Anson Weeks

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Anson Weeks (February 14, 1896, Oakland, California – February 7, 1969, Sacramento, California)[1] was an American pianist and the leader of a popular west coast dance band from the late 1920s through the 1960s, primarily in San Francisco. He made his first recording in Oakland on February 7, 1925, but it was not issued.

He formed his first band in 1924 and had key hotel jobs in Oakland and Sacramento.[1] By the late 1920s he led a popular regional orchestra and started recording for Columbia in 1928. He garnerered favorable attention in late 1931 on the "Lucky Strike Magic Carpet" radio program. His vocalists included Art Wilson, Harriet Lee, Donald Novis, Bob Crosby, Carl Ravazza, Kay St. Germaine, and Bob Gage.[1] In 1932, he signed with Brunswick and recorded prolifically for them through 1935. During this time, his was one of Brunswick's premier bands and was nationally popular. He later did a session for Decca in 1937.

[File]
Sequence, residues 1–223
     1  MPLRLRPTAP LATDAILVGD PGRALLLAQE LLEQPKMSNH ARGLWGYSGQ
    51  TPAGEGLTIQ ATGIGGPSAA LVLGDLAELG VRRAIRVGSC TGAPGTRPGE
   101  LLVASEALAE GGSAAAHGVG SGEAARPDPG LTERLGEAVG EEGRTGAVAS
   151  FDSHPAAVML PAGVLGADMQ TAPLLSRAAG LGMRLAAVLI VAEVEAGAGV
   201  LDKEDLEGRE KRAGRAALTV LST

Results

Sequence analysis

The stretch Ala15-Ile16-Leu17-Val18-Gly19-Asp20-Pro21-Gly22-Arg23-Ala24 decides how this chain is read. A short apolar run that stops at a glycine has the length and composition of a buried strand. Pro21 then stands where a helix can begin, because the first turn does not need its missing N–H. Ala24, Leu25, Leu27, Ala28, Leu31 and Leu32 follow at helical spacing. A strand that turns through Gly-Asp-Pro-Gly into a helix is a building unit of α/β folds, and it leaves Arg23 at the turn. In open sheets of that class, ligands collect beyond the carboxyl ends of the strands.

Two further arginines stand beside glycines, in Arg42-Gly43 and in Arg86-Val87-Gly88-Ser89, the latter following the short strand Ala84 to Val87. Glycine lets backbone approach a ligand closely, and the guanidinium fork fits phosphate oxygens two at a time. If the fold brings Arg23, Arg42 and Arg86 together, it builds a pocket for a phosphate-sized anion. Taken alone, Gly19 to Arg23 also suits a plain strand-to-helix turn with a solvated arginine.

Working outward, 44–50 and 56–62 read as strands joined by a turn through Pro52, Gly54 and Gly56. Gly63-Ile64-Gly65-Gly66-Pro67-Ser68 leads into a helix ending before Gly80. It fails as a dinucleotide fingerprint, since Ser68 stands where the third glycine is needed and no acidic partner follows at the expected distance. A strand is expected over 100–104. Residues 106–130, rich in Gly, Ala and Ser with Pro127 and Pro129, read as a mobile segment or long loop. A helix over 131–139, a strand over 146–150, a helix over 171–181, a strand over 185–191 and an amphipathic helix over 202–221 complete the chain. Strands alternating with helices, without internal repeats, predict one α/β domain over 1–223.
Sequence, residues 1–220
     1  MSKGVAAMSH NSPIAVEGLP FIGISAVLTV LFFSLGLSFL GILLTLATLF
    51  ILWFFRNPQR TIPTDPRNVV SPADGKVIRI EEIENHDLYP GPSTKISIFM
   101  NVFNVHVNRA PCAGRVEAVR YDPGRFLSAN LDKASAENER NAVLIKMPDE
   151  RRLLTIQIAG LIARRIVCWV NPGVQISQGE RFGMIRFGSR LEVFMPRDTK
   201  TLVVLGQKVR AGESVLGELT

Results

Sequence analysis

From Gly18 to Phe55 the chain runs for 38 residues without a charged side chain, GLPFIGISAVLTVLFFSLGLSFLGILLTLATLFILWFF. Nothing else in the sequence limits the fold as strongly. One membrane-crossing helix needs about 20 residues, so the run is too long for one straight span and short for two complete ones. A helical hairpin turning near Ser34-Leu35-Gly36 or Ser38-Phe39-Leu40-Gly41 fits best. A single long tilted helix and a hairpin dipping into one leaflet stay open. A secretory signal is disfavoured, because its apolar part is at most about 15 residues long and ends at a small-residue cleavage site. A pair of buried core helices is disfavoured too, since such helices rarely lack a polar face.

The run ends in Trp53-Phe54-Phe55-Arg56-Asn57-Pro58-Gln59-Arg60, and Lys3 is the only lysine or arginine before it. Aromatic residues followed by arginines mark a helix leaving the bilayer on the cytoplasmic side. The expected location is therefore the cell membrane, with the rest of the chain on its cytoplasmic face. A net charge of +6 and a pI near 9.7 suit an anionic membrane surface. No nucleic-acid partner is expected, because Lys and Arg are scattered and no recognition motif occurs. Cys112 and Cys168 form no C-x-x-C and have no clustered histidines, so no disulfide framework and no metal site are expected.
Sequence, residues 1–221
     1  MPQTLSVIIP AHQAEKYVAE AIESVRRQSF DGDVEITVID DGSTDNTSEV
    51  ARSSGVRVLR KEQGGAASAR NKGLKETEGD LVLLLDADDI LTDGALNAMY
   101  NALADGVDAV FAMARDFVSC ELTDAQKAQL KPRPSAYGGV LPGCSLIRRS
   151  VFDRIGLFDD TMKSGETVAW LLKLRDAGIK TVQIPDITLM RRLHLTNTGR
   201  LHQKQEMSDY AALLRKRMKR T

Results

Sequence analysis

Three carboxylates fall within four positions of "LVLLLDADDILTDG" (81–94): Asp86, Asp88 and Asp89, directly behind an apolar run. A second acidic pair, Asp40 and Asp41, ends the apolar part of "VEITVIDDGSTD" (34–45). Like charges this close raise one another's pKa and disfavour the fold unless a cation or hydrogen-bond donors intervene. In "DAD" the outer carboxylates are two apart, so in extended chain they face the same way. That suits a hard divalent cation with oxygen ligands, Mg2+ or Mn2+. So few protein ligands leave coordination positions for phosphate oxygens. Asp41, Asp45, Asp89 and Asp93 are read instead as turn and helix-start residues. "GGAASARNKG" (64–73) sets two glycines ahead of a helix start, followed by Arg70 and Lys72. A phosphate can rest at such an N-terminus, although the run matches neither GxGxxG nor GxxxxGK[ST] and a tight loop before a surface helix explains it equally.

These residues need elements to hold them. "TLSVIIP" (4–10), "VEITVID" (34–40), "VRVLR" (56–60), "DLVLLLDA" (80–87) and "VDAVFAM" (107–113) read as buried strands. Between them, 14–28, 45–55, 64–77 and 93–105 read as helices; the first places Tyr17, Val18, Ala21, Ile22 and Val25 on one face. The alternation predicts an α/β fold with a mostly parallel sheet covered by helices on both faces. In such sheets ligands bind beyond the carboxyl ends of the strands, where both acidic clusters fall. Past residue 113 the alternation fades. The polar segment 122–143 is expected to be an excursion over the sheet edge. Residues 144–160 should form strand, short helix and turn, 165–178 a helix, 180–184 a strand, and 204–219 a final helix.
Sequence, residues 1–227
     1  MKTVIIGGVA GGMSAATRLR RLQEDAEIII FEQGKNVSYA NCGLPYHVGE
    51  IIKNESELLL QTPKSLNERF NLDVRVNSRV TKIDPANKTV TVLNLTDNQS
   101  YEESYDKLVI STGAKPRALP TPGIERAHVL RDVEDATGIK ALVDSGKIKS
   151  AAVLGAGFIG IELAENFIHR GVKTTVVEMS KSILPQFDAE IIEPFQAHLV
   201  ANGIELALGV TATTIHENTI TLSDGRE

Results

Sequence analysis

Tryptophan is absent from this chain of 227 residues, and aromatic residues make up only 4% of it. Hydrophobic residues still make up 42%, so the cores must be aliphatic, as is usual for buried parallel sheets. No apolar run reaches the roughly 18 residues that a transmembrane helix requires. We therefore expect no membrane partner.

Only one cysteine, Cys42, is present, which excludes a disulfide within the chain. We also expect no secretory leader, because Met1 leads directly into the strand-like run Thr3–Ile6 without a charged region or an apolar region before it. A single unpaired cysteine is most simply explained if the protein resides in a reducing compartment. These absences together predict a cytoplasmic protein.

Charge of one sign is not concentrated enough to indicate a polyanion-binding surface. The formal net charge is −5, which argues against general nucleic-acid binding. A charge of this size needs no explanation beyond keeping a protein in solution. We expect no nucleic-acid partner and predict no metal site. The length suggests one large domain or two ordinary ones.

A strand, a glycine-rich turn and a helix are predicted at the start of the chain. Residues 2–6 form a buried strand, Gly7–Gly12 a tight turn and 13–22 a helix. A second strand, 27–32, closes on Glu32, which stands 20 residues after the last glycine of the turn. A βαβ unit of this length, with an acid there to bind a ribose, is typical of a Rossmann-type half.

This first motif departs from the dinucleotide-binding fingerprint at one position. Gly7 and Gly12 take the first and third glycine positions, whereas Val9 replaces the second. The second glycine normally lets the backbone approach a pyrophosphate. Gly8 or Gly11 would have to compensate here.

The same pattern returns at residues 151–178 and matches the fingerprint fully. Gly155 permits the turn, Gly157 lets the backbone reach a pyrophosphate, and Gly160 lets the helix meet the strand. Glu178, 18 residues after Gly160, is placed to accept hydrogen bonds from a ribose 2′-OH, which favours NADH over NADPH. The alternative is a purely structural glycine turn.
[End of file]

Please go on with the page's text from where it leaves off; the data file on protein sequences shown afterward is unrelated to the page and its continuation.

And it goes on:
Weeks was involved in an auto accident in 1941 and was out of the band business for several years, starting up again in the late 1940s. He signed with the local Fantasy label in the early 1950s and did a series of dance albums (Dancin' With Anson) that were quite popular regionally (and were still in the catalog through the 1970s).[citation needed]

His songs include "I'm Writing You This Little Melody" (theme song), "I'm Sorry Dear", "Senorita", "That Same Old Dream", and "We'll Get A Bang Out Of Life".[citation needed]


He died in Sacramento, California, in 1969, one week before his 73rd birthday.[1]


  1. ^ a b c d Colin Larkin, ed. (1992). The Guinness Encyclopedia of Popular Music (First ed.). Guinness Publishing. pp. 2648/9. ISBN 0-85112-939-0.


  • American Dance Bands on Record and Film (1915-1942), first edition, Compiled by Richard J. Johnson & Bernard H. Shirley, Rustbooks, 2009

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